The EBRD at 25: how linking a long tradition with today’s challenges provides for a successful future
Agriculture suffered badly under Soviet rule – as much for economic as for ideological reasons. Collectivisation destroyed the livelihood of millions and left deep scars on vulnerable economies and societies.
The end of communism brought an end to this doctrine and private agriculture was again permitted. Yet the problems were not over. Decades of neglect and under-investment had left a trail of economic decay. With the shift to market economies, other sectors such as industry received more attention than agriculture.
However, the region has a long tradition of successful agricultural production and some of the most fertile soil in the world. Ukraine used to be called the “bread basket of Europe”. The country is only now starting to regain that title – a step that is vital for its economic future.
The EBRD has been at the forefront of reawakening the agricultural sector. The challenges were manifold: the return of communal land into private hands, the introduction of modern mortgage laws, attracting investment and regaining competitiveness. As a return to the pre-communist structure was neither desirable nor feasible, a system had to be developed that would allow agribusiness in the EBRD region to draw on its strengths and once again flourish.
From supporting the expansion of the wholesale food market in Budapest in 1994 to promoting sustainable dairy farming in Egypt in 2015, the EBRD has long worked with private companies to revive the fortunes of the agricultural sector. With the aim of boosting productivity and creating the conditions that will bring investment back into the farming and food industries, the EBRD strives to help the private sector to produce better quality food more efficiently, while at the same time respecting the environment.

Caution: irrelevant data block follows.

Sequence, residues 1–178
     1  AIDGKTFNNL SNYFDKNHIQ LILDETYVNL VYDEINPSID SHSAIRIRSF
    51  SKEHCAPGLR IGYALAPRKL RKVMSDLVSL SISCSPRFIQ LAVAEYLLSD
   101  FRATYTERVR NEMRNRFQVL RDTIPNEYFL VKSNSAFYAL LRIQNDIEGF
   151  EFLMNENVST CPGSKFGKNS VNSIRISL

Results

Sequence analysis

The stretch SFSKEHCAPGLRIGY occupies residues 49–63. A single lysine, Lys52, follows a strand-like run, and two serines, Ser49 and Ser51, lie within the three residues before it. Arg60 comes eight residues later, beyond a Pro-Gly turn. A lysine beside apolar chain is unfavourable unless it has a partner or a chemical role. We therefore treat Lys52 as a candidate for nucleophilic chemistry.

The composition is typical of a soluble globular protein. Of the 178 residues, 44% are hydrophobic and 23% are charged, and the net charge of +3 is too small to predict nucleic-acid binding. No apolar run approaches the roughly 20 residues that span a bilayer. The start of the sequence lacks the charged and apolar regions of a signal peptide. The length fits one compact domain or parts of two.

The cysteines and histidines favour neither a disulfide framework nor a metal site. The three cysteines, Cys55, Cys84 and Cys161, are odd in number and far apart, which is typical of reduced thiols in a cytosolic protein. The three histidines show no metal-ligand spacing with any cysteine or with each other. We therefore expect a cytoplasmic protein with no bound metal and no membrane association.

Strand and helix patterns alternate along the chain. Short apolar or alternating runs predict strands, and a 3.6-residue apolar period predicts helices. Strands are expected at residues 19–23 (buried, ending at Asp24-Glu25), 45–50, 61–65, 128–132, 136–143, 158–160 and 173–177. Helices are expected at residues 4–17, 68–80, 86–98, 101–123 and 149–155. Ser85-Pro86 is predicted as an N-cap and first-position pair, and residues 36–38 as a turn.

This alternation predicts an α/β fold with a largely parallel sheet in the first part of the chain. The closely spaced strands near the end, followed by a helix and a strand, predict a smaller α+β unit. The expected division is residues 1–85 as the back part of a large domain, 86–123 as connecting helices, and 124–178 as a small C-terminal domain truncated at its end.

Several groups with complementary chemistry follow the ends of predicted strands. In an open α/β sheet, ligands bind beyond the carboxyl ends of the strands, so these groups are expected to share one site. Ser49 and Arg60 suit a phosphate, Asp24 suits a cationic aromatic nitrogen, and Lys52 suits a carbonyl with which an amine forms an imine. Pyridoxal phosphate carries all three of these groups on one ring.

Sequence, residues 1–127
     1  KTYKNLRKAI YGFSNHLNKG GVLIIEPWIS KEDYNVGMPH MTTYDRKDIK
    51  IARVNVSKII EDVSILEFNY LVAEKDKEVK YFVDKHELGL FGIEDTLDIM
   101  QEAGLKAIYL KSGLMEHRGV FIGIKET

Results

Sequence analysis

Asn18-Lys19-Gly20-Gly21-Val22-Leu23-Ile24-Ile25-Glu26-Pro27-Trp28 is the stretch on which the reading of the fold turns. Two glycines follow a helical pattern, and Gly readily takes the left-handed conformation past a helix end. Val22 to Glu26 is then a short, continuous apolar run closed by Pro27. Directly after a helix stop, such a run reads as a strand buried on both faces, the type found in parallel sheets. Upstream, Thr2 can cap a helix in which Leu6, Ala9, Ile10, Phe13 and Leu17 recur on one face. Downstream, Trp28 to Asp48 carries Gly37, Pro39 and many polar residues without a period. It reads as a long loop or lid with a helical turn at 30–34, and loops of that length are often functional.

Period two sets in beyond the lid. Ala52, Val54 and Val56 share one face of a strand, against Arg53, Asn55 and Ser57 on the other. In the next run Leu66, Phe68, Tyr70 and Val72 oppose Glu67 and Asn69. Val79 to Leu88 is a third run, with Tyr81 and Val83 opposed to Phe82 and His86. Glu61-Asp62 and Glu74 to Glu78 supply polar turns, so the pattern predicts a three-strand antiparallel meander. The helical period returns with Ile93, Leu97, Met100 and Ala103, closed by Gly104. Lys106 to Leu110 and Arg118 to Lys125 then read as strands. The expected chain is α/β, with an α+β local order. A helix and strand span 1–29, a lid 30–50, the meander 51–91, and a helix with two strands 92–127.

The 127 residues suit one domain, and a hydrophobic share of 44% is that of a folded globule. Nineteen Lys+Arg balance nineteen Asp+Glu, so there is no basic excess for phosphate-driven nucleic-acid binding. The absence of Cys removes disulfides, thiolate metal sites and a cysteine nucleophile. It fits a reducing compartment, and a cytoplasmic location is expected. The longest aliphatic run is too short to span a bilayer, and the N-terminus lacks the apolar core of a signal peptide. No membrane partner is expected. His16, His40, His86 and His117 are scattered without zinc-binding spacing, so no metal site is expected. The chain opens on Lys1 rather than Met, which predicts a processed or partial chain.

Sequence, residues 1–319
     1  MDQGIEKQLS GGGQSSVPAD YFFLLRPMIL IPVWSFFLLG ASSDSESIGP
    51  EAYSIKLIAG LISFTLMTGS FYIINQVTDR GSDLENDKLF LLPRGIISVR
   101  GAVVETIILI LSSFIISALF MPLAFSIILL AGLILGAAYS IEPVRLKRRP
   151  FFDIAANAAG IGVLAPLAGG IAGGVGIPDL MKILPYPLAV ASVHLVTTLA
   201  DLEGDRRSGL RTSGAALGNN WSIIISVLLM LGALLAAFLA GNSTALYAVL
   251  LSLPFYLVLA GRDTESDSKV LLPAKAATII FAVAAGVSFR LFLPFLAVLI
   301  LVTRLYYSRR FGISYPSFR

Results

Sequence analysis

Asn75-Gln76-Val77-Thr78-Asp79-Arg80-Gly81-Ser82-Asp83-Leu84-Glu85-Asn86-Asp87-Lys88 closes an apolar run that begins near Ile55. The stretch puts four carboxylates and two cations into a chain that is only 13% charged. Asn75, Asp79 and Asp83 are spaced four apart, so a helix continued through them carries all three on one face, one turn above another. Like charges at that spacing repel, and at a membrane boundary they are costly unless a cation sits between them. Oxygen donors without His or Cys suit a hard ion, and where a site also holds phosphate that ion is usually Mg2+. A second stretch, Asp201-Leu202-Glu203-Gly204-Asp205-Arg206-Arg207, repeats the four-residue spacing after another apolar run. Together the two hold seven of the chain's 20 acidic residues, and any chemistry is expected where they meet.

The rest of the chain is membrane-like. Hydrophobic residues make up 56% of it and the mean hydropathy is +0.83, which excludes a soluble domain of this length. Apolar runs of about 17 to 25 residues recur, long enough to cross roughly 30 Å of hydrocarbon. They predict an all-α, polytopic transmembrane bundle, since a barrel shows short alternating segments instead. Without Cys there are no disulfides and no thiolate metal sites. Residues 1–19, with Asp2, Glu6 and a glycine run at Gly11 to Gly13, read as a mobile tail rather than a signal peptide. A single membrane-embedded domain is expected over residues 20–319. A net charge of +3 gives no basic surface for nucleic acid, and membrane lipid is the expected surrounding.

One priority for the Bank has been to ensure that its activities span the whole agribusiness value chain – creating a continuous link from primary farming and food processing to distribution, packaging and retail. The Bank continues to foster entrepreneurial initiative and to help suppliers and food producers and processors connect with large food chains. In recent years, this support has expanded to include advice for as well as the transfer of skills to – small and medium-sized enterprises as well as the promotion of innovation and advanced technology and research.
After a major international food crisis in 2007 and 2008, the EBRD responded with an increased focus on investment in the sector. In 2011, it launched its Private Sector for Food Security Initiative to scale up investments and strengthen partnerships with governments and other IFIs and the Food and Agriculture Organization of the United Nations to facilitate the private sector’s contribution to global food security. Enhancing food security is one of the Sustainable Development Goals that were adopted by world leaders in 2015, and also one of the main global and regional challenges the EBRD is addressing with its current strategic priorities.
To date, the Bank has invested €10 billion in agribusiness. By addressing the specific needs of companies with tailored financing, the EBRD aims to maximise the region’s agricultural potential. Boosting competitiveness can help agribusiness companies succeed beyond their home markets and tap into high-end export markets such as the European Union.
Proactive engagement with the local authorities in policy dialogue is an important contribution to the reform process in the light of ever-increasing competition. To attract domestic and foreign investment a stable and predictable policy framework is indispensable.
The EBRD will maintain its support for effective public-private policy dialogue and work together with partners to promote investments in agribusiness that deliver economic growth, social inclusion and environmental protection.